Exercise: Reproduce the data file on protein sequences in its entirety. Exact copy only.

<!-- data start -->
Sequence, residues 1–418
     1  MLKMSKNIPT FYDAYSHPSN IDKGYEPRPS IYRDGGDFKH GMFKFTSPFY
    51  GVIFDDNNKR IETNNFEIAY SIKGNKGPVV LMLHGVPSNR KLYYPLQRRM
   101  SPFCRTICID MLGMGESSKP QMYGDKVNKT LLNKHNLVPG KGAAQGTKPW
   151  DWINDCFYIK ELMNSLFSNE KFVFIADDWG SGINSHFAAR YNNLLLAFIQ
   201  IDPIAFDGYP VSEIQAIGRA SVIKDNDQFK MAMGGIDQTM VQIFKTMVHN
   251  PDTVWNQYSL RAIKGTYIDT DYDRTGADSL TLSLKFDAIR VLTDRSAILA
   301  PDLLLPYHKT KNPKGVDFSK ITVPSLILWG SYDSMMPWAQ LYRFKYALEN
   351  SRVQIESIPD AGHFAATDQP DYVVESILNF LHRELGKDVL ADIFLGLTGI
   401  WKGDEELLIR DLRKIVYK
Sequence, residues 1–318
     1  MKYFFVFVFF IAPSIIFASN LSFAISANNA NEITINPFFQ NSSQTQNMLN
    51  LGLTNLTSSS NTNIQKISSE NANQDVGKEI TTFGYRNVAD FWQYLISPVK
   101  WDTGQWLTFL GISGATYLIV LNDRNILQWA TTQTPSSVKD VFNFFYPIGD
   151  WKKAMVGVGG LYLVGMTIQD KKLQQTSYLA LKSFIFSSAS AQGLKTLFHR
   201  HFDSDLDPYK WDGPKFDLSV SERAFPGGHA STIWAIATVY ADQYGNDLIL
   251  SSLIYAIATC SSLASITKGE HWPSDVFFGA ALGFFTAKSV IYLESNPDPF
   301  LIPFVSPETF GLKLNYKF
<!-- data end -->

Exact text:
Sequence, residues 1–418
     1  MLKMSKNIPT FYDAYSHPSN IDKGYEPRPS IYRDGGDFKH GMFKFTSPFY
    51  GVIFDDNNKR IETNNFEIAY SIKGNKGPVV LMLHGVPSNR KLYYPLQRRM
   101  SPFCRTICID MLGMGESSKP QMYGDKVNKT LLNKHNLVPG KGAAQGTKPW
   151  DWINDCFYIK ELMNSLFSNE KFVFIADDWG SGINSHFAAR YNNLLLAFIQ
   201  IDPIAFDGYP VSEIQAIGRA SVIKDNDQFK MAMGGIDQTM VQIFKTMVHN
   251  PDTVWNQYSL RAIKGTYIDT DYDRTGADSL TLSLKFDAIR VLTDRSAILA
   301  PDLLLPYHKT KNPKGVDFSK ITVPSLILWG SYDSMMPWAQ LYRFKYALEN
   351  SRVQIESIPD AGHFAATDQP DYVVESILNF LHRELGKDVL ADIFLGLTGI
   401  WKGDEELLIR DLRKIVYK
Sequence, residues 1–318
     1  MKYFFVFVFF IAPSIIFASN LSFAISANNA NEITINPFFQ NSSQTQNMLN
    51  LGLTNLTSSS NTNIQKISSE NANQDVGKEI TTFGYRNVAD FWQYLISPVK
   101  WDTGQWLTFL GISGATYLIV LNDRNILQWA TTQTPSSVKD VFNFFYPIGD
   151  WKKAMVGVGG LYLVGMTIQD KKLQQTSYLA LKSFIFSSAS AQGLKTLFHR
   201  HFDSDLDPYK WDGPKFDLSV SERAFPGGHA STIWAIATVY ADQYGNDLIL
   251  SSLIYAIATC SSLASITKGE HWPSDVFFGA ALGFFTAKSV IYLESNPDPF
   301  LIPFVSPETF GLKLNYKF